Read-A-Thon: My Dog Can't Read

Since my dog can't read, he is not able to fully appreciate the joys of a 24 hour Read-A-Thon and desperately wants to go to the dog park.




How could I possibly say no to this adorable face?! So off to the dog park we go, book in hand for me, and for you, I give you Atlanta Falcons Thomas DeCoud reading Bark Park. This video is part of our Read With a Falcon program. You can see all the books read here.

Read-A-Thon: A Mouse, A Cat and Charles Dickens Walk Into a Pub

Let the Read-A-Thon begin... on my time. I didn't actually get up at 8 a.m., mostly because I strongly believe that no one should ever be awake that early on a Saturday. I'm up now though, which should count for something.




I'm starting out today's Read-A-Thon with a manuscript we've acquired at Peachtree Publishers entitled The Cheshire Cheese Cat: A Dickens of a Tale. It's a middle reader novel co-written by Carmen Agra Deedy and Randall Wright.


The idea for this story came in 2002, when Deedy was in London and happened upon the Ye Olde Cheshire Cheese Pub on Fleet Street. Little did she know that she was not only entering one of the oldest pubs in London, but one famous for being frequented by Charles Dickens himself. The publican was kind enough to let her explore the old place, and hanging on the wall she found an illustration of a clowder of cats with tonsures sitting around a table. Curiouser and curiouser indeed... 


8:50 a.m. The reading begins... "He was the best of toms. He was the worst of toms."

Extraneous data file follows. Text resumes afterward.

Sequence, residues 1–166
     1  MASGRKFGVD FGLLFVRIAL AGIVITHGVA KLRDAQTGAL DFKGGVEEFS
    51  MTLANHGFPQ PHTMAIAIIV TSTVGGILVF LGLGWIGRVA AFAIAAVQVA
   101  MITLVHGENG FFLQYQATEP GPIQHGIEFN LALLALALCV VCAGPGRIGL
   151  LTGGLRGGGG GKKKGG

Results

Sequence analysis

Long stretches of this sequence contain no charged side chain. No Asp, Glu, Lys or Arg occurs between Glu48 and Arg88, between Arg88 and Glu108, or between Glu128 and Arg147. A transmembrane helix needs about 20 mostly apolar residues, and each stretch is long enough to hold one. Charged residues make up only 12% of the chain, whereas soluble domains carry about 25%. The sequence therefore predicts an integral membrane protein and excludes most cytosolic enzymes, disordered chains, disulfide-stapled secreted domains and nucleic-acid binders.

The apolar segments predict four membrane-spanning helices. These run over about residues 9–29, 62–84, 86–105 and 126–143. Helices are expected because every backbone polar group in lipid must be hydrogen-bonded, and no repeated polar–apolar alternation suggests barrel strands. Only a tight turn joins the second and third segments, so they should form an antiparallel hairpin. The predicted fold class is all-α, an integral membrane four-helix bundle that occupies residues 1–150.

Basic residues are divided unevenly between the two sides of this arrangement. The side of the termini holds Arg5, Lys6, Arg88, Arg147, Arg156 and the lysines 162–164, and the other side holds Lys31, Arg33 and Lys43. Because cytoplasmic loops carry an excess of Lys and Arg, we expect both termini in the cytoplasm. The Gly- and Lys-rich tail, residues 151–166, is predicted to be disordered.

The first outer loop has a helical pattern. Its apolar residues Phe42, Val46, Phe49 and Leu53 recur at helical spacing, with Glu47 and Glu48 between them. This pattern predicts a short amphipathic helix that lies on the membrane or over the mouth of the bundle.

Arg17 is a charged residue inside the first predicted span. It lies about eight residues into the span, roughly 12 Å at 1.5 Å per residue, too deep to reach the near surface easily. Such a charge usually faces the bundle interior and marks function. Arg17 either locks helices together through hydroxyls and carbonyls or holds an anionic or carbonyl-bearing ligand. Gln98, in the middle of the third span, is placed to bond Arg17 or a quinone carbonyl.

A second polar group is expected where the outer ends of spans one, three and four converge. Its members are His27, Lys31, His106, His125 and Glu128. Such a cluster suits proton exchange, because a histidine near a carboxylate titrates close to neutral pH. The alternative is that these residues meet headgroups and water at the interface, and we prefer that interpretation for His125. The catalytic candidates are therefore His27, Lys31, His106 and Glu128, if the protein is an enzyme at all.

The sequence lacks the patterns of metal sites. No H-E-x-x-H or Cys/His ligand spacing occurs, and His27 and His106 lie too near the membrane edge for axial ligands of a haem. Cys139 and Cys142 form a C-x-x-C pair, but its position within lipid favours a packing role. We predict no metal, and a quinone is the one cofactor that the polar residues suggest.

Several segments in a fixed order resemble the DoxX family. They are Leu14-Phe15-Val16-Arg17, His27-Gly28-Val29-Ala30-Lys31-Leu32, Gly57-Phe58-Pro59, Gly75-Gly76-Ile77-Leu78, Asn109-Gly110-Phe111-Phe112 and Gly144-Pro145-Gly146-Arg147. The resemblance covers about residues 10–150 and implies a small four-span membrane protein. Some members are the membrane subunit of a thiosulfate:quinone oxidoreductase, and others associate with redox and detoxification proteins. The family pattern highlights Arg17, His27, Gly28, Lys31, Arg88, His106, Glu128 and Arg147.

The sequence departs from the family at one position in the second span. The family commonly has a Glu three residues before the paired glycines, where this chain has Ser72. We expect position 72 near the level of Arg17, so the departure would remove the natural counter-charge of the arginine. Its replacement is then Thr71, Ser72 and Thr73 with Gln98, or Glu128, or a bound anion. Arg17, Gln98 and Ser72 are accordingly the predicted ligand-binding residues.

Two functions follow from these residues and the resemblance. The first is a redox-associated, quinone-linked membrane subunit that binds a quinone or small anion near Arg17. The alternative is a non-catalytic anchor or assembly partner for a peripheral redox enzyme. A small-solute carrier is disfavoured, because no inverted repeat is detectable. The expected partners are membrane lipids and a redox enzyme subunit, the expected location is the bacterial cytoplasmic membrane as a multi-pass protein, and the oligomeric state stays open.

10:25 a.m. 32 pages and a mini nap later. Reading a manuscript in the works is always an interesting experience. The copy I have is annotated with editorial notes from the authors and editor, so I get to see where the story is going, as well as get a better understanding of the editorial process. As our story unfolds, we are introduced to a cat named Skilley who carries a shameful secret... a love of cheese, a mouse named Pip who appears to be hiding something, Pinch, who seems to be quite the villain, and Dickens himself, who writes at the pub and can't quite get the first line of his new book right. But who is this Melville they keep mentioning?


11:25 a.m. 60 pages in and now a seemingly haunted pub. However, I doubt there is an actual ghost. I'm guessing it's this Melville I keep hearing about. While there are talking cats and mice, the story is not fantasy. It is believable and realistic. What I am most appreciating is the distinction of characters. Even the secondary characters like the cook, Croomes, have distinct voices, accents, personalities, etc. They speak like they would for their station in that place and time. Another interesting thing to note is the language of the text. There are words like "rake," "mercurial," and "blunderbuss." Any of the vocabulary like this is easily defined at the bottom of the page for young readers, often in humorous ways. I am appreciating that the authors have enough faith in their readers to include interesting words, as well as references to Dickens, and the history of England.


12:00 p.m. Who is Melville. **Spoiler** I think it best described in his own words: